is focused on this hot button topic recently.
The economic crisis is clearly the catalyst for the proposed sweeping changes in national “health” care. Scarce funds and resources, as well as a pending economic “collapse” (as some describe) are forcing us to consider how to manage health care in tough times… and in extreme circumstances.
We’re hearing terms like “rationed health care”, “socialized medicine”, “universal insurance” and the “value of human life”. It’s no wonder this subject has sparked such heated dialogue.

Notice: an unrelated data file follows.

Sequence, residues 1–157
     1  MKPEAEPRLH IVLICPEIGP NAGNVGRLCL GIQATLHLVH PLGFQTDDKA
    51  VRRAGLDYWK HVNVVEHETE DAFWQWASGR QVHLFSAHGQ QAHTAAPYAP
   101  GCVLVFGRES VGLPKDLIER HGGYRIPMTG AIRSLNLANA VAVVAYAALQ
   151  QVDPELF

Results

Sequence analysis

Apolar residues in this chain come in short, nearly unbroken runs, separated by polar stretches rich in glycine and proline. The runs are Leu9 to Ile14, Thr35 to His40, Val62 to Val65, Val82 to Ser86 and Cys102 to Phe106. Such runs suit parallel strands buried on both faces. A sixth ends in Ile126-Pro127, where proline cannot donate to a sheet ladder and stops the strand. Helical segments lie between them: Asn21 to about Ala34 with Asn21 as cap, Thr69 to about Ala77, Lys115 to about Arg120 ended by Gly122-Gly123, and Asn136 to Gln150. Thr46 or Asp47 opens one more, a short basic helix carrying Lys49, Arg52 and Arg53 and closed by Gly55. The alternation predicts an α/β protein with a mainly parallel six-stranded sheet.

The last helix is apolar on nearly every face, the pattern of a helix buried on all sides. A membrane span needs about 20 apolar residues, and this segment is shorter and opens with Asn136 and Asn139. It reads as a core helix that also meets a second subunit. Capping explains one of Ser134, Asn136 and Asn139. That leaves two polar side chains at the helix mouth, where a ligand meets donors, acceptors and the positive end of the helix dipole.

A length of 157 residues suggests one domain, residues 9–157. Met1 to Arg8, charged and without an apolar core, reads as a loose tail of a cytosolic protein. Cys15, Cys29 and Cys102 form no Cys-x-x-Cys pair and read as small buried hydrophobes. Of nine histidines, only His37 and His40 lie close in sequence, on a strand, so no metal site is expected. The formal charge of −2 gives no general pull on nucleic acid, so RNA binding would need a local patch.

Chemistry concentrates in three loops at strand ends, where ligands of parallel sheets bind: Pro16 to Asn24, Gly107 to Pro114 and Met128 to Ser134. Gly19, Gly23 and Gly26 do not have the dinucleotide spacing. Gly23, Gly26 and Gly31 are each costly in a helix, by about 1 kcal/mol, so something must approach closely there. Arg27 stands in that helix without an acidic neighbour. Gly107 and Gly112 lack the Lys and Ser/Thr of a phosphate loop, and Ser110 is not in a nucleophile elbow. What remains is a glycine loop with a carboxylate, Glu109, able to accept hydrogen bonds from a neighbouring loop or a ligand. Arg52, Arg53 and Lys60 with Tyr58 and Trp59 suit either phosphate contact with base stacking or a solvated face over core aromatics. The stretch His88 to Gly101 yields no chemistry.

Spending the first 23 years of my life in “socialist” Canada, and still spending much time and energy in their medical system with both of my parents, I may have a different perspective from the sensationalized one being portrayed in media.
I’m perfectly willing to admit that I don’t understand all the politics and red tape involved. I simply have a memory of how things really played out in that system and countless experiences to call upon.
Growing up, I quite clearly recall paying out of pocket for many doctor’s and specialist’s visits, treatments and procedures, and paying a partial “co-pay” for the remaining forms of care: physical therapy, surge